must contain for such a life. What must such a little minute-hand life as sixty years, develop into on the dial plate of eternity, when it is begun as this man's was. Such a man as this, it seems to me, must at some time or other have touched the very hem of the Master's garment.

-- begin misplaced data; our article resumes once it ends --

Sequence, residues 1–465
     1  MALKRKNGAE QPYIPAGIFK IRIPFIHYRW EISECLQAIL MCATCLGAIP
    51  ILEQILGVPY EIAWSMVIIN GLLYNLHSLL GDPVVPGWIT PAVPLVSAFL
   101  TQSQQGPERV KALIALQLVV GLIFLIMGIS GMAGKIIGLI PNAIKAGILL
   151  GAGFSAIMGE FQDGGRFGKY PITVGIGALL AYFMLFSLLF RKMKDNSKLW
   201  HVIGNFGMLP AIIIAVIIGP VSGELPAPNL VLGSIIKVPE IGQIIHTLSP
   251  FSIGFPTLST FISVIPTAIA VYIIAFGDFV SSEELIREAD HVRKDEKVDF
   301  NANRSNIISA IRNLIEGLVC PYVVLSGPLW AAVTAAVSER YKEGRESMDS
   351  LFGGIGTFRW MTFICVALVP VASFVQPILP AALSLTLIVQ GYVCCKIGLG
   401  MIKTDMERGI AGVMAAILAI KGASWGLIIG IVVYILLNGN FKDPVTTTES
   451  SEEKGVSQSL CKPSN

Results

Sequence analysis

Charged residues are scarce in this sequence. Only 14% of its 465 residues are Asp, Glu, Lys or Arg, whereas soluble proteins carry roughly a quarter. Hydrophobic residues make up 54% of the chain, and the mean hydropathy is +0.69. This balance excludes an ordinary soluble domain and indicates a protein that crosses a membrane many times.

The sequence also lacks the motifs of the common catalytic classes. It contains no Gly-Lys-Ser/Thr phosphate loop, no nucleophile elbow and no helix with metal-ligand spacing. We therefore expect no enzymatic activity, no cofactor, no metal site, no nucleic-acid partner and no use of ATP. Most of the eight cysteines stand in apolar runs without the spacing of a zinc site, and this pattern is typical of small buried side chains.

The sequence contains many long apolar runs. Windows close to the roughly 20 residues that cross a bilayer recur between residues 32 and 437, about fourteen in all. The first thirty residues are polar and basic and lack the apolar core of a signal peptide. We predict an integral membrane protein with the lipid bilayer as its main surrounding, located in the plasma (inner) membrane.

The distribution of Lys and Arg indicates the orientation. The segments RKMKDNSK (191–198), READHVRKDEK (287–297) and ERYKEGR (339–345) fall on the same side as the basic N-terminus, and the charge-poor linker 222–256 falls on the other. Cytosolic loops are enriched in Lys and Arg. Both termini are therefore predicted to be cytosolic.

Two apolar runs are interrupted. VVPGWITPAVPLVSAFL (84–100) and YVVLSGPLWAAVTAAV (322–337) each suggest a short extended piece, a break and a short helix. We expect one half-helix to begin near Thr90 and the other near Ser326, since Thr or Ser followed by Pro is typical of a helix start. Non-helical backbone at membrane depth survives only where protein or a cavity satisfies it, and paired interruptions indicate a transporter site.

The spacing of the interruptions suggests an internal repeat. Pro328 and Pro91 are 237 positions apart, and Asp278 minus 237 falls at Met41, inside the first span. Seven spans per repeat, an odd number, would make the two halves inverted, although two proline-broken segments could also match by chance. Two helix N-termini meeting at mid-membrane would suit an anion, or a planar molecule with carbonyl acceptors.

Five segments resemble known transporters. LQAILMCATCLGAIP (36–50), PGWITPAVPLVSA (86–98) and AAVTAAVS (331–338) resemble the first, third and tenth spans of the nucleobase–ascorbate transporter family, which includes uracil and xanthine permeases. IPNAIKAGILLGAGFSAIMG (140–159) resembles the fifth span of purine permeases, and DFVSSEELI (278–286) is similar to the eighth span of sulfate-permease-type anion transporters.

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I saw in your paper this week an expression which continues to run through my head. It is an advertisement of a poultryman for poultry, in which he says with rough frankness, "Old roosters not wanted." Whether it is good policy in him, while attempting to secure tender and succulent birds for the clerical stomach, to affront that venerable class of fowls upon which we sinners are to live long after the clergy have left, I will not say. I do not believe, however, that it will go unresented or unpunished. I believe that many an old rooster will so beplume himself and take on such an extra strut, that he will at last succeed in forcing himself as a young bird between the teeth of our cleric